How to Prep Food For Your Busy Week Ahead
It’s easy to fall into the trap of relying on takeaways and fast food to get you through the week, but you run the risk of depriving your body of the nutrients it needs.
Preparing your meals ahead of time is easy and provides you with healthy food every evening after you come home from a long day at work. All you will need to do is heat them up.
Here are 5 top tips for prepping your meals:
1. CLEAR YOUR FRIDGE AND FREEZER
Before you start prepping, make sure you have plenty of space in your fridge and freezer to store your meals. Otherwise, if you are shoving your pre-prepared dishes into random spaces, you won’t have a clear idea of what you have and what needs to be eaten first.
2. CHECK YOUR TEMPERATURES
Make sure your fridge and freezer are running at low, consistent temperatures. It is worth buying a fridge thermometer to monitor temperatures accurately. According to guidelines from the Australian Institute of Food Safety, your fridge should be kept at 5 deg celcius or below and your freezer should be set at -18 deg celcius or below.
3. LABEL FOODS CORRECTLY
We’ve all had the experience of pulling leftovers out of our fridges and freezers and not having any idea of what the food is and how old it is.
Buy proper labels and indelible marker pens and mark clearly on your food prep containers what the meal is and what date it was prepared. Check our food safety guidelines below, to know how long you can safely store your dishes.
4. DOUBLE UP
To make things easier but still have variety in your diet, cook double quantities of each meal. Make enough dishes to last you a fortnight.
Below is a sample guide of what meals you can prepare and double-up on.
MEAL PREP IDEAS
|Lentil and vegetable chili||Beef or chicken casserole||Vegetable lasagne||Tuna pasta bake||Chicken or prawn curry|
|Tuna pasta bake||Lentil and vegetable chili||Beef or chicken casserole||Vegetable lasagne||Chicken or prawn curry|
5. HALFWAY PREPPING
If you don’t want to prep whole meals, you can cook parts of them in advance, making it easy to assemble your dishes in the evening. Cook in batches and portion out before storing.
Good meal components to cook and store include:
- Beans and pulses, soaked and cooked
- Roasted, sliced meats
- Roasted vegetables e.g capsicum, zucchini, potato, pumpkin
- Sauces e.g tomato sauces, pesto or curry sauces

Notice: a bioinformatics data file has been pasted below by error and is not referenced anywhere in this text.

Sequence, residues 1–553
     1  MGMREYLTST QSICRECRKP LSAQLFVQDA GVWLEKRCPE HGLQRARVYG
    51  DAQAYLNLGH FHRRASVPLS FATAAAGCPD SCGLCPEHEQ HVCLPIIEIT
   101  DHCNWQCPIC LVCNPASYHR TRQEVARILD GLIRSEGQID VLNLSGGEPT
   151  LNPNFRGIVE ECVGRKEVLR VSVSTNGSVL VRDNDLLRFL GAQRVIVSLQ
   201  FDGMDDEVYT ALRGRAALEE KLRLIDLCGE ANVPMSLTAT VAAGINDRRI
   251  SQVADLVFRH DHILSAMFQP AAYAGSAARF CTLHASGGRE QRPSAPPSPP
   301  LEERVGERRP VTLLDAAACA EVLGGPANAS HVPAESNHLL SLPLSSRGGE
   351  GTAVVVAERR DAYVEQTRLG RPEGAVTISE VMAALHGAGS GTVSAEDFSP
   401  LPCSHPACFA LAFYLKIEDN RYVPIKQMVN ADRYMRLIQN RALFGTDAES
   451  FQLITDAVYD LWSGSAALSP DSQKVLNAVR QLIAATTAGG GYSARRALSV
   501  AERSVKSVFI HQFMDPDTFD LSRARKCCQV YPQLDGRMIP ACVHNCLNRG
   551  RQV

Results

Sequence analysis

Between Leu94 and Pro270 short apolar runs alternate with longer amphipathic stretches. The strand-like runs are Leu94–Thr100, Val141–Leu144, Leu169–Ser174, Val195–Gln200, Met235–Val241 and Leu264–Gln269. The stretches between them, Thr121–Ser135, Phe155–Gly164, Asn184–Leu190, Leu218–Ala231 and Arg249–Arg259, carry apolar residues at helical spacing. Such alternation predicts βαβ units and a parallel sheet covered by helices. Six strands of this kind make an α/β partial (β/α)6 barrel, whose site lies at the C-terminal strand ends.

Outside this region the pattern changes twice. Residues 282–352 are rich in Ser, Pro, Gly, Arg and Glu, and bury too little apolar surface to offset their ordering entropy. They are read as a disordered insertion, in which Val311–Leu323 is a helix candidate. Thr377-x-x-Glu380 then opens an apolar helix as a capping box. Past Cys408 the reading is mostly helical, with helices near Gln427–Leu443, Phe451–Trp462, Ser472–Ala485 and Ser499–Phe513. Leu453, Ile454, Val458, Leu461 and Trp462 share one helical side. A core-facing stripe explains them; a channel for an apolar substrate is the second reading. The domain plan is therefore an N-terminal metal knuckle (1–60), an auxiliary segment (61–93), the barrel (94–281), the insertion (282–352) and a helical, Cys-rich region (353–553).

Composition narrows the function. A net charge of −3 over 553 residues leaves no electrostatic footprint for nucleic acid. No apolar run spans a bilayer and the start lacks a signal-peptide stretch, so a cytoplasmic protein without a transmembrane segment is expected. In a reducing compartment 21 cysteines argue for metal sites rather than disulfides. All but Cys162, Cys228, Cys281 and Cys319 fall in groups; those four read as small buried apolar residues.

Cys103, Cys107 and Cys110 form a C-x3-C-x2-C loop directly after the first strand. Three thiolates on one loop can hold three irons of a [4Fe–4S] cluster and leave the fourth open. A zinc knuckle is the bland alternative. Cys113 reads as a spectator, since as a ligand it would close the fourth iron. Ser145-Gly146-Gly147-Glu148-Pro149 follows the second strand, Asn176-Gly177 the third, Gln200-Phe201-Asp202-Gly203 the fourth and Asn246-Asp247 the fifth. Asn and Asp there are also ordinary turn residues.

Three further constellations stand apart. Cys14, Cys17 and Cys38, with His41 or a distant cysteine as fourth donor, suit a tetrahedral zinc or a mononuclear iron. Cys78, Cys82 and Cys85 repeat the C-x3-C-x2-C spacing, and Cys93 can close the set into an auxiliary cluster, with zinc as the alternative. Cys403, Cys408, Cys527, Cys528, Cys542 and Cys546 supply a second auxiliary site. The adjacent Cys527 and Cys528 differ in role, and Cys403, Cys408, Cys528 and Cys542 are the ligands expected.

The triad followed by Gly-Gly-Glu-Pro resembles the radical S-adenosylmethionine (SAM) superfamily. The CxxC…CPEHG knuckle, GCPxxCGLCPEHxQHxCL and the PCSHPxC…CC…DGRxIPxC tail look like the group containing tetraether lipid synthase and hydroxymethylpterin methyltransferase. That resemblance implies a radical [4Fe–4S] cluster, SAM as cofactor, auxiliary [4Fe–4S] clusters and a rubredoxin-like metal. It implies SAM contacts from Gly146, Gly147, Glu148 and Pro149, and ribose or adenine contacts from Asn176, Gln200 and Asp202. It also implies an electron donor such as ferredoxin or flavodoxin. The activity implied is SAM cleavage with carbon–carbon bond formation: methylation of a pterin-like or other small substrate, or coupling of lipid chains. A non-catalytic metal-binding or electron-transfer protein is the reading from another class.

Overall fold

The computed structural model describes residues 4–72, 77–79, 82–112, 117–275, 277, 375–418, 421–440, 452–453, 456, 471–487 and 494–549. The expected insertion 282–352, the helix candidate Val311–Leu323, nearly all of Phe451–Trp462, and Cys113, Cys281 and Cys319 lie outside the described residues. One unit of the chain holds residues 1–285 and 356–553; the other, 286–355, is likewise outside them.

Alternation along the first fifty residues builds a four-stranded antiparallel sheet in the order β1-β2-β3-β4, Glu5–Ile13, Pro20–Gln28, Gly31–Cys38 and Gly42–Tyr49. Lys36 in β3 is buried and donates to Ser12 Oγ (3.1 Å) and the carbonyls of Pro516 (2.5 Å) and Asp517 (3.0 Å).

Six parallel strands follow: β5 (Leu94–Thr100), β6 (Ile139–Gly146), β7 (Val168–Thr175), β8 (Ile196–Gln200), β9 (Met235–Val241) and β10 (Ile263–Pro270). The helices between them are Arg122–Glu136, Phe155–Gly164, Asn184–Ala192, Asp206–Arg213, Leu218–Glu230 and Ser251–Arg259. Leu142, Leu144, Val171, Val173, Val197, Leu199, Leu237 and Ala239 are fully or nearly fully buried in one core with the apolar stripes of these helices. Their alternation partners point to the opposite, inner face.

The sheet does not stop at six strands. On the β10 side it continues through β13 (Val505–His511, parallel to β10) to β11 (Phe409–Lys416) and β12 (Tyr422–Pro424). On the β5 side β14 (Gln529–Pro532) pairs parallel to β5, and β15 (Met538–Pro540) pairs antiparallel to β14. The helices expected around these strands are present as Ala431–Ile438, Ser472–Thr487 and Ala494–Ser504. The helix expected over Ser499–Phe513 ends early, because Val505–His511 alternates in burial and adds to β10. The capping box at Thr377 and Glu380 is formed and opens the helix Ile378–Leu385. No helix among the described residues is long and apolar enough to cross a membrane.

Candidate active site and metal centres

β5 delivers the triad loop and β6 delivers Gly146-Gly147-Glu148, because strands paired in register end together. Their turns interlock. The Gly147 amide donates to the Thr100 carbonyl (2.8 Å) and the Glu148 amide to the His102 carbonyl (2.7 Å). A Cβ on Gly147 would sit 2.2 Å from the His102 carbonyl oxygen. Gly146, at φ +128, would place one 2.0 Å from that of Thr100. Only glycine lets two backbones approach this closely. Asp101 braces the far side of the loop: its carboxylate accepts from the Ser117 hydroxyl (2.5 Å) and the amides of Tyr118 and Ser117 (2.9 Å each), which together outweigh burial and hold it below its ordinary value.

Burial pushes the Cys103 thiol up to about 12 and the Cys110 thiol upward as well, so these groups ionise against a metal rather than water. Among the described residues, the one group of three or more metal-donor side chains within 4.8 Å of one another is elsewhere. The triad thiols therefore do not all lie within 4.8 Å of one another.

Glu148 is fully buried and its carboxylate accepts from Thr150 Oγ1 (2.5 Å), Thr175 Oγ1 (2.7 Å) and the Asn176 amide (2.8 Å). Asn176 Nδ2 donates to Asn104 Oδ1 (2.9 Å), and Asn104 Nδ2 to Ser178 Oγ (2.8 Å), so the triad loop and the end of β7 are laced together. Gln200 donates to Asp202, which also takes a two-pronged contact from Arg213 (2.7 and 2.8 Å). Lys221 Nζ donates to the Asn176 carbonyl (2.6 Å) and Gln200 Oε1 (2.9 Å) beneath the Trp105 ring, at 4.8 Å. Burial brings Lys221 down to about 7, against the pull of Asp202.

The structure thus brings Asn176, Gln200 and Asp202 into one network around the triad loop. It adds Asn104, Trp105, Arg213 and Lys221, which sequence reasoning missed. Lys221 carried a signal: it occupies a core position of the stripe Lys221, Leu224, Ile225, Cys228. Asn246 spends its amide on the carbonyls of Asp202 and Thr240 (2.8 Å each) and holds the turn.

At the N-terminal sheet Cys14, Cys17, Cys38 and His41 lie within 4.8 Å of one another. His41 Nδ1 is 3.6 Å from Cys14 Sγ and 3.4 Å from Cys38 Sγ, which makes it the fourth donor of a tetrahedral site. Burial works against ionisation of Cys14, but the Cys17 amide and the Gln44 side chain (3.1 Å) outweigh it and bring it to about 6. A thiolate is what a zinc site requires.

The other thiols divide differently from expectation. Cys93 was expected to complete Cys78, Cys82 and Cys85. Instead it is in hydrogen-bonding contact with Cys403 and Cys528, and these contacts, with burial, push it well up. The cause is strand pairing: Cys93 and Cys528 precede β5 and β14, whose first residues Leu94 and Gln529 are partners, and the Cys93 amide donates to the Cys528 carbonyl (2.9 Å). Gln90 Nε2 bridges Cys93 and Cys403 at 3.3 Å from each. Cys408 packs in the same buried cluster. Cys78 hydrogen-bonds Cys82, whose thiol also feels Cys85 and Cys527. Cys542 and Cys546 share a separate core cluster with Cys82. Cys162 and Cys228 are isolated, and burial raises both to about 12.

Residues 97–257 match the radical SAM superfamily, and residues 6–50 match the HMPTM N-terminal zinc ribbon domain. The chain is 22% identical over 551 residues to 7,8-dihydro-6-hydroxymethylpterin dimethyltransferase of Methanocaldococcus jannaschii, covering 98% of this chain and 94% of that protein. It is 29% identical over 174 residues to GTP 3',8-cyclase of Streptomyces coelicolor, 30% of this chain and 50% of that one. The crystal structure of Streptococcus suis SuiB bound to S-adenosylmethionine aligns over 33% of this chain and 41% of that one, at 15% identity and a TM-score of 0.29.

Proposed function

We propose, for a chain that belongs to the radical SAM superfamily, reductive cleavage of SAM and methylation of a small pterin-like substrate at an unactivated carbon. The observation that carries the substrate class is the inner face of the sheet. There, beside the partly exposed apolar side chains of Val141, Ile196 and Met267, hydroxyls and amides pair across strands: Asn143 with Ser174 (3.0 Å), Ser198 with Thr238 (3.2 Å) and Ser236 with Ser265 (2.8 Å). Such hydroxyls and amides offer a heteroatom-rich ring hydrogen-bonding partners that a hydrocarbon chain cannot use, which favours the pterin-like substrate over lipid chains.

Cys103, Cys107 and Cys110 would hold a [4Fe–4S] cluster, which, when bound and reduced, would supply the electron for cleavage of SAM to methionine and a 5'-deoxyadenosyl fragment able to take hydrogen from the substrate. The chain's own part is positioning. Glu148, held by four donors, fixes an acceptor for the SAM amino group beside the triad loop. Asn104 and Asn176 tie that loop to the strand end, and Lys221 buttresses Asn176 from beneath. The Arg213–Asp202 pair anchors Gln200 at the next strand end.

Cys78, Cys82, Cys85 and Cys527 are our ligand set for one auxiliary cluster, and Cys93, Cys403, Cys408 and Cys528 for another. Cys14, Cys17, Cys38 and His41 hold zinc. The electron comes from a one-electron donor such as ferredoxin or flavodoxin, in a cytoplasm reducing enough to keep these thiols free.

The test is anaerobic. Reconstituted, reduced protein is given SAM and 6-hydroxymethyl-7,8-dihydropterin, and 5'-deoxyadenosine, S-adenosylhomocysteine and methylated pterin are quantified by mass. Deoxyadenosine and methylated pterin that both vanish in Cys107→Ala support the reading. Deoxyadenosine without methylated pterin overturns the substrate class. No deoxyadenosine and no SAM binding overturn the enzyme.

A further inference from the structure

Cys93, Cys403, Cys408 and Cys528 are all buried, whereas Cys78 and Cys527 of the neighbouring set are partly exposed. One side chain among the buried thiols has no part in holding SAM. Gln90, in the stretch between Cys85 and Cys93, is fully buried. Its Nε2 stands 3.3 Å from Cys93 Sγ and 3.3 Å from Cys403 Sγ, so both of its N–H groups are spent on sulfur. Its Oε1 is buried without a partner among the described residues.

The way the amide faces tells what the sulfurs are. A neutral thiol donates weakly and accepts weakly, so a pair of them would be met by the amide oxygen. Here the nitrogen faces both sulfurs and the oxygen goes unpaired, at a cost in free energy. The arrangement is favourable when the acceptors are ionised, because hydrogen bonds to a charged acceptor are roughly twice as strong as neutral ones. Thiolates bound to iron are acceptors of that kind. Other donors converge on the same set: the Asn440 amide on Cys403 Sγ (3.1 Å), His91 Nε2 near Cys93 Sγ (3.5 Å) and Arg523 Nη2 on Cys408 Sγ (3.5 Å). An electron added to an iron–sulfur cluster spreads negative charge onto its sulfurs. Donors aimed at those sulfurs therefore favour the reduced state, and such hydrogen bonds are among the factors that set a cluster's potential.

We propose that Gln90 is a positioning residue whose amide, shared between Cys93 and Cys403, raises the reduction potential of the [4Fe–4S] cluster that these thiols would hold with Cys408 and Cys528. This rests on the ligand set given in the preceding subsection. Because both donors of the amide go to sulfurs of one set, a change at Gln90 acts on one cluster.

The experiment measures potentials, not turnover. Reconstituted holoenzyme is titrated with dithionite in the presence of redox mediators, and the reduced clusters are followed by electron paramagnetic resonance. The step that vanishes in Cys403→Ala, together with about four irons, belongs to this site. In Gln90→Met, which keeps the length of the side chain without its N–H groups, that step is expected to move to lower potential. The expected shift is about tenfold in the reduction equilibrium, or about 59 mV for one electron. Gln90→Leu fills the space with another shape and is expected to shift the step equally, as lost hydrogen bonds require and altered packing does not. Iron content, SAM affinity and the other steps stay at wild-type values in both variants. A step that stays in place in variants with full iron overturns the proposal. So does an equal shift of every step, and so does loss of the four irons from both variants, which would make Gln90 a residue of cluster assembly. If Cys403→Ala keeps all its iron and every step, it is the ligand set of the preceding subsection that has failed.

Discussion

FOOD SAFETY DO’S AND DON’T’S
As a general rule, foods kept in the fridge should be eaten within three days of preparation, and within two days for poultry.
To be on the safe side, for most foods stick to a maximum of two to three months for freezing foods. Some can be frozen for longer, for example steaks. Check the US government food safety storage guide for details on how to store particular foods.
Improperly stored and re-heated rice is a common source of food poisoning. Make sure you refrigerate it or freeze it as quickly as possible after cooking, don’t let it sit around at room temperature for long periods of time.
When you reheat, make sure rice is piping hot throughout before serving.
Don’t heat up food immediately from frozen. Ideally, frozen food should be defrosted slowly in the fridge. Take your meal out of the freezer in the morning and leave to defrost in the fridge over the day.
You can also place frozen meals in their containers in a bowl of water to speed up defrosting.
At a pinch, you can defrost meals in the microwave, but make sure you are using the absolute lowest wattage, and stir occasionally during the defrosting process.
Slow cookers are a great way of preparing meals. If you can, cook your food on high for an hour or so while you are getting ready in the morning, then turn down the setting before you head out.
Check that your meal is heated properly, using a food thermometer.
Avoid re-freezing any foods. Be aware that if you have defrosted one of your ingredients e.g frozen prawns to add to your meal, it’s best not to refreeze the finished product.